Henry Charles, his 20 year old son, James Charles, another member of this notorious family, who had also come before the courts, this time for theft, and Rob Seward, a cousin who was well and truly woven into the family firm of illicit trade, two of the Seward family members jailed the year previous for smuggling..

So despite their hated and distrust for each other, when another human being was in trouble, neither side thought twice about risking their lives to help one another.

It appears that even the jury who sat at the inquest were so impressed with the 4 local mens actions, that they donated their fees to them.

*****************************************************************************************************************************************************

Writing a book, blog, short stories or your own family history, then why not make them jump off the page, bring them to life with historical graphics.
I have a huge collection that cover illustrations from numerous Victorian articles about travel, prisons, children’s homes, poverty, philanthropy…
Check out my Etsy site for Victorian illustrations, many more, including local ones being added all the time from my own personal collection.
https://www.etsy.com/uk/shop/VictorianGraphics?ref=l2-shopheader-name

**************************************************************************************************************************************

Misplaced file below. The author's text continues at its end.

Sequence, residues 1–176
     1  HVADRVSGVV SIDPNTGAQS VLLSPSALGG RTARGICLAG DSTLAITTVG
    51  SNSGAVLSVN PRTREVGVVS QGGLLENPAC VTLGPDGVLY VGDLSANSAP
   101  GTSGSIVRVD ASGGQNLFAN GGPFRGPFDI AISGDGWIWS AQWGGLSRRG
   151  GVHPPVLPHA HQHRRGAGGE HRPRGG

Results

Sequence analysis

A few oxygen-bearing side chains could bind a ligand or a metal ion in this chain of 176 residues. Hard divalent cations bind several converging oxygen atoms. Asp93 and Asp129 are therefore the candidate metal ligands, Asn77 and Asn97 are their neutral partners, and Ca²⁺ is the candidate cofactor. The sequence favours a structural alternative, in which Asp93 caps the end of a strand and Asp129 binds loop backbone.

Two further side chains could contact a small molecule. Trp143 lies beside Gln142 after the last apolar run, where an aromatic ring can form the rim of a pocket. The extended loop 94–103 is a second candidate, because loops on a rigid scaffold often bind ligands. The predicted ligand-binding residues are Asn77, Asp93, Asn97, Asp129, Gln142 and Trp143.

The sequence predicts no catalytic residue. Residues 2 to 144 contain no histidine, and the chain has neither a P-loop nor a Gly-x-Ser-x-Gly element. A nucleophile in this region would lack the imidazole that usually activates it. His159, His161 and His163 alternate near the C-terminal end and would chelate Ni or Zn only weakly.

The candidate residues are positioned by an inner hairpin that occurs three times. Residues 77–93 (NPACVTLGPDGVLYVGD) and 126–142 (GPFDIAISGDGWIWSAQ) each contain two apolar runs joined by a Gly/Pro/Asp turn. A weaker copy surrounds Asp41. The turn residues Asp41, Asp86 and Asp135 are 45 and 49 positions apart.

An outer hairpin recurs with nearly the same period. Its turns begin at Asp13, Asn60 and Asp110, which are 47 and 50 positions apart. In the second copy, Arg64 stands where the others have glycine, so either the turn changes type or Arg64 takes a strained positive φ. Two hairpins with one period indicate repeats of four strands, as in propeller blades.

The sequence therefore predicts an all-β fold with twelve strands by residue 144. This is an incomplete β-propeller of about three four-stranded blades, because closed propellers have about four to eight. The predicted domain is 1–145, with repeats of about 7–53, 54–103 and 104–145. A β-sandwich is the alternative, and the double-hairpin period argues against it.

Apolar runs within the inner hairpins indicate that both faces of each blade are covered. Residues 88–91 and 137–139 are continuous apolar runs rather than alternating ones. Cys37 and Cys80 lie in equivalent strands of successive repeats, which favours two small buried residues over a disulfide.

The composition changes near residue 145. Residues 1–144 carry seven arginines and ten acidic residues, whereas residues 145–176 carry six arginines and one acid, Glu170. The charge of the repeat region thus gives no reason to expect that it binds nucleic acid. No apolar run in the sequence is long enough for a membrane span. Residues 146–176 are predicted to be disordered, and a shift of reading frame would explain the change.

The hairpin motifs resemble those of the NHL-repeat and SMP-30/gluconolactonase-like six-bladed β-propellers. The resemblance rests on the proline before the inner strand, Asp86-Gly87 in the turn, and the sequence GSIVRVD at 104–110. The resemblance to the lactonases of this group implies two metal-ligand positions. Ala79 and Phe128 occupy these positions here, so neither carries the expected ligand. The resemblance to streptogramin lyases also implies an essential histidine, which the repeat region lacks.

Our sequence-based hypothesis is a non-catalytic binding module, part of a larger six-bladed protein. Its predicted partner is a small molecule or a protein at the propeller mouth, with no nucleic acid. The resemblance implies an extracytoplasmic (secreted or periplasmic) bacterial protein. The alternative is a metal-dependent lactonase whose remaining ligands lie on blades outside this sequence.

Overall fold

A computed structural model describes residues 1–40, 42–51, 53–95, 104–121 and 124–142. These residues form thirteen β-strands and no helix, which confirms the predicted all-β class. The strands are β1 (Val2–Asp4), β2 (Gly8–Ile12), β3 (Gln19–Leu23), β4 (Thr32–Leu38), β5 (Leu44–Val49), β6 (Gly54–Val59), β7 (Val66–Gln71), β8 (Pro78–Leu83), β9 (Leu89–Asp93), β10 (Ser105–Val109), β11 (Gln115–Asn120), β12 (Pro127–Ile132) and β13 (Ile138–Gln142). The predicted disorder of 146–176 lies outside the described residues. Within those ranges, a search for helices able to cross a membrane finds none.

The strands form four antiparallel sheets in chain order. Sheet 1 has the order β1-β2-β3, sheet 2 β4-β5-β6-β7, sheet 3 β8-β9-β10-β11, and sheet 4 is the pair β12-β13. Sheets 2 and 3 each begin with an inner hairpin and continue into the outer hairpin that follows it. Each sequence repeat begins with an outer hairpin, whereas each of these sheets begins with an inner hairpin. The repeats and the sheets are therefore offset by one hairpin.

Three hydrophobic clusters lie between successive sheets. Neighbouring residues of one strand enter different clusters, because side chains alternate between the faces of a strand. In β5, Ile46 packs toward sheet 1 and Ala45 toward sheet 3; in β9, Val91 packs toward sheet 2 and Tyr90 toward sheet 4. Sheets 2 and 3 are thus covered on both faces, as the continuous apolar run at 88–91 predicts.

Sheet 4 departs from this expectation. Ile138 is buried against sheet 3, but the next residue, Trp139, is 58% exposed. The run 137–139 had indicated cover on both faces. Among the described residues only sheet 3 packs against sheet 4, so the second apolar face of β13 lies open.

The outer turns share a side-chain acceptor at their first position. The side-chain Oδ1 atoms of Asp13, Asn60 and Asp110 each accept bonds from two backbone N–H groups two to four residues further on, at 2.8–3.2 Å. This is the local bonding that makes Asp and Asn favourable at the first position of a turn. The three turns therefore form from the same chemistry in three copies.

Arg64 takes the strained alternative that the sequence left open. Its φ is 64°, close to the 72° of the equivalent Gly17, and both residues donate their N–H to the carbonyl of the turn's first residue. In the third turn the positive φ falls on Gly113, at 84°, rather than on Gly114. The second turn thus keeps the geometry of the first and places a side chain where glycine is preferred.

http://www.osmington.info/?page_id=434 (Osmington Mills history including the Charles family involvement with smuggling)

http://www.weymouth-dorset.co.uk/smuggling.html  (More history of the Charles family and their exploits on the excellent Weymouth-Dorset.co.uk site)

http://www.hansonclan.co.uk/coastguards_1.htm (brief history of the coastguard service)

Advertisements

Leave a Reply

Fill in your details below or click an icon to log in:

WordPress.com Logo

You are commenting using your WordPress.com account. Log Out / Change )

Twitter picture

You are commenting using your Twitter account. Log Out / Change )

Facebook photo

You are commenting using your Facebook account. Log Out / Change )

Google+ photo

You are commenting using your Google+ account. Log Out / Change )

Connecting to %s